Ryde pier, Isle of Wight

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Ryde Pier was a group of three separate piers:
– a promenade pier (now a listed building)
– an electric tramway pier (now gone)
– and a steam railway pier (still used although not by steam trains).

Pier History

Designed by John Kent of Southampton, the construction started in 1813 and completed in 1814. The pier was constructed to solve the problem of embarkation and disembarkation from the ferries. Originally built of timber, to a length of 1,740ft (527m) and 12ft (3.6m) wide.

As ferry size grew from small sailing boats then the pier had to adapt. It was extended to 2,040ft (618m) in 1824 and the pier-head was enlarged in 1827. A further extension in 1833 took the overall length to 2,250ft (681m), while the pier-head was again extended in 1842 and the late 1850s.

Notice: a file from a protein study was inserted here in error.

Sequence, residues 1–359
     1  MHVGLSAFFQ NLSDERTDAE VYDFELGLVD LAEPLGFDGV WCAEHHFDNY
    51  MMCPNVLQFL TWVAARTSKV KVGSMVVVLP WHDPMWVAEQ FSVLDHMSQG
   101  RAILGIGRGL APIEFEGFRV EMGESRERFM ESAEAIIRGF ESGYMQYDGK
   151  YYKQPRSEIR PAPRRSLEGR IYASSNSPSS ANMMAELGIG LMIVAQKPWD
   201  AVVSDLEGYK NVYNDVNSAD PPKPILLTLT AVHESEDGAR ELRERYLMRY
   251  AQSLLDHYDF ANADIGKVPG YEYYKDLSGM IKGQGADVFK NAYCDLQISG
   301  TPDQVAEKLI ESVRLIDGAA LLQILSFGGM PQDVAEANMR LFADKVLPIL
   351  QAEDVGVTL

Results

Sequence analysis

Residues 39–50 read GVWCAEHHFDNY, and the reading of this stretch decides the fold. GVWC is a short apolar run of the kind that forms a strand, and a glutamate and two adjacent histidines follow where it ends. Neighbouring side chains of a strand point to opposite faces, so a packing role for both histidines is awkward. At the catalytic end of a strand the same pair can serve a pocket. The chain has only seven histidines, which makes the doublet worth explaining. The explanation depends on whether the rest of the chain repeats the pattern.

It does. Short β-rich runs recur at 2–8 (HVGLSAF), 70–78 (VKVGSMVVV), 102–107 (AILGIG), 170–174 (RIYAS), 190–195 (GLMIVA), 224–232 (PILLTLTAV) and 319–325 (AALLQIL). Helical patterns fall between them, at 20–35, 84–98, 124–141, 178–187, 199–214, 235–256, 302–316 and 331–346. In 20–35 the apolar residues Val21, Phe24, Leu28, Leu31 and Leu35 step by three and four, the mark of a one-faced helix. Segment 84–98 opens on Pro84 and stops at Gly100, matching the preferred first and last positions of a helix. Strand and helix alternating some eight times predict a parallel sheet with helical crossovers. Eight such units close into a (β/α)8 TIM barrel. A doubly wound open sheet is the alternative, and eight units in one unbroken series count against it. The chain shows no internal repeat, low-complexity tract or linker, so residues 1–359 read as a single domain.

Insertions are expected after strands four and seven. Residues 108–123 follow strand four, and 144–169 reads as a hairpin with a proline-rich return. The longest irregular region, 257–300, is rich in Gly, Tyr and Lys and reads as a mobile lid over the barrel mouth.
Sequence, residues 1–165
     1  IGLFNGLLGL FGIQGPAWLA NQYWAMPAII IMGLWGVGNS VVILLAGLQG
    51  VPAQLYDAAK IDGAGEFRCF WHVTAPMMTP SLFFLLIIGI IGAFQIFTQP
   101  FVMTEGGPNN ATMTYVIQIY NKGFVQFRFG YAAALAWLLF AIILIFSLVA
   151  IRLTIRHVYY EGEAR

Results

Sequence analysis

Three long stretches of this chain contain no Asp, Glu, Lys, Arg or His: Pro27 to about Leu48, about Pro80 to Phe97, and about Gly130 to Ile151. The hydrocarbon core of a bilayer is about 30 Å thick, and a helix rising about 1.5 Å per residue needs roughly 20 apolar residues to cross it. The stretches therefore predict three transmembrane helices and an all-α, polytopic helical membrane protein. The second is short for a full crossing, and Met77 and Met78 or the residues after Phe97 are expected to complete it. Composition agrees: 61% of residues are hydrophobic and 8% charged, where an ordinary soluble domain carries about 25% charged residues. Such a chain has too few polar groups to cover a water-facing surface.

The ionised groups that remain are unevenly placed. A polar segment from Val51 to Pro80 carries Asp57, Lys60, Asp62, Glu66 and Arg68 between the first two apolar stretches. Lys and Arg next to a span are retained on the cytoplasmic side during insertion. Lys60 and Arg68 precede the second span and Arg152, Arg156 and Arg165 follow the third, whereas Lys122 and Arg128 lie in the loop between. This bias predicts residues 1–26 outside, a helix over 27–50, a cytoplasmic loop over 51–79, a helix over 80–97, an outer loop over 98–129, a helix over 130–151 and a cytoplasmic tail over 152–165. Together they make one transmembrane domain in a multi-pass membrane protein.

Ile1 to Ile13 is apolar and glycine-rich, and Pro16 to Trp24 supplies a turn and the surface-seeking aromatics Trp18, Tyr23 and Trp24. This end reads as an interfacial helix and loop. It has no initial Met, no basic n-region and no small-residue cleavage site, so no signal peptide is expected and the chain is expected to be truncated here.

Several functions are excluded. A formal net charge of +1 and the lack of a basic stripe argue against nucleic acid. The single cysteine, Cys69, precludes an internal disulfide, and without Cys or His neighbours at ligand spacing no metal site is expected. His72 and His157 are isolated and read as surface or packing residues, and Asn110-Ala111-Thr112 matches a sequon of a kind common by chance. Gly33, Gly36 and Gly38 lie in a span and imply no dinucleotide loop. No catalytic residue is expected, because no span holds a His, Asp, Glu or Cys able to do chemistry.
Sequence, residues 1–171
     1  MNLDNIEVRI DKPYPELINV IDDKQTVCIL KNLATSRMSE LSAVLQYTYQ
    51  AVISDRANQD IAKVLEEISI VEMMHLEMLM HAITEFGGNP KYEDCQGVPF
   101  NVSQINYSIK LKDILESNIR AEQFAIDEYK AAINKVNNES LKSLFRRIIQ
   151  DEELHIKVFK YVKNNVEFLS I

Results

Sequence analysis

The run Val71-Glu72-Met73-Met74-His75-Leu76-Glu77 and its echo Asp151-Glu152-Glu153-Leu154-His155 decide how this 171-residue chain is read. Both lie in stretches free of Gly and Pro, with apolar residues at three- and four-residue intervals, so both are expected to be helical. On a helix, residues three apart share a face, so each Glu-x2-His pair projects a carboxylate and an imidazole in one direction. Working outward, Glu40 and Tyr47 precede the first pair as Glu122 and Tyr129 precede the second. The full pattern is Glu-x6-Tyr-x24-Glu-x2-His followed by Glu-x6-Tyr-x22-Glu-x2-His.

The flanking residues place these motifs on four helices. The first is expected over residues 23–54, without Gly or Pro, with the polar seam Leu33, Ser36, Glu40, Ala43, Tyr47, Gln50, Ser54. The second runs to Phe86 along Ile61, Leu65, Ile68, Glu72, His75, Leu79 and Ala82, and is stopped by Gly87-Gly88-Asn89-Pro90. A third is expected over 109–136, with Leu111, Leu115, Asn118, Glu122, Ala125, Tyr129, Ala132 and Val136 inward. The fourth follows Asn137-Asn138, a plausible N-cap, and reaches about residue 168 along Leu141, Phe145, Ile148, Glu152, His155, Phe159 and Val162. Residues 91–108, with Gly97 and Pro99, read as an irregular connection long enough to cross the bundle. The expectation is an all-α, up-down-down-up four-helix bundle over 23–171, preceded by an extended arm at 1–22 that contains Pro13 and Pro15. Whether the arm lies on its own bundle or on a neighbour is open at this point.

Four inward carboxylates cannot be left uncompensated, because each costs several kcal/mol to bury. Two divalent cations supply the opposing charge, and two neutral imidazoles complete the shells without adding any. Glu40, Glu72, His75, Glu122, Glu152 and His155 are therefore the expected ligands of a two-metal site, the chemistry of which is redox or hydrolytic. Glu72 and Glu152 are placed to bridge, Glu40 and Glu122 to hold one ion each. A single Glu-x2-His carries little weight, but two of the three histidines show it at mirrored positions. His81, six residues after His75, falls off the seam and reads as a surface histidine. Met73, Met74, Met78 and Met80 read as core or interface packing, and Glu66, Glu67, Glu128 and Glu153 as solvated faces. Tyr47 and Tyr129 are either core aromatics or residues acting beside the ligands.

A second horse drawn ‘tramway’ pier was built alongside the existing structure, opening in 1864. This proved to be of little success later to be replaced by electric trams.

In 1880 on a third pier adjacent to the tramway pier a direct steam railway link to the pier-head was created.

In 1895 a concert pavilion was constructed (demolished later) at the pier-head and over the next sixteen years the original wooden piles were replaced in cast iron.

Our weather forecast for Ryde in Isle of Wight

Weather forecast from Yr, delivered by the Norwegian Meteorological Institute and NRK

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